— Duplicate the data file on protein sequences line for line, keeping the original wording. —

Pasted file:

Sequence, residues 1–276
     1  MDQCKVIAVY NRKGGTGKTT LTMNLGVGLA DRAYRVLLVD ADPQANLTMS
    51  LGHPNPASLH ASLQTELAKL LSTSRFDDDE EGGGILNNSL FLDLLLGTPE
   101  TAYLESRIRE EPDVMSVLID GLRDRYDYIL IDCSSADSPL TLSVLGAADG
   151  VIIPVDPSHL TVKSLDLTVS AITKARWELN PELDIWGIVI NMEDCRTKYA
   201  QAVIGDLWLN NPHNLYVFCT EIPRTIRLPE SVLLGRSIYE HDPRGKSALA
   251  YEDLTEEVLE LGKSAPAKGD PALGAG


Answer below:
Sequence, residues 1–276
     1  MDQCKVIAVY NRKGGTGKTT LTMNLGVGLA DRAYRVLLVD ADPQANLTMS
    51  LGHPNPASLH ASLQTELAKL LSTSRFDDDE EGGGILNNSL FLDLLLGTPE
   101  TAYLESRIRE EPDVMSVLID GLRDRYDYIL IDCSSADSPL TLSVLGAADG
   151  VIIPVDPSHL TVKSLDLTVS AITKARWELN PELDIWGIVI NMEDCRTKYA
   201  QAVIGDLWLN NPHNLYVFCT EIPRTIRLPE SVLLGRSIYE HDPRGKSALA
   251  YEDLTEEVLE LGKSAPAKGD PALGAG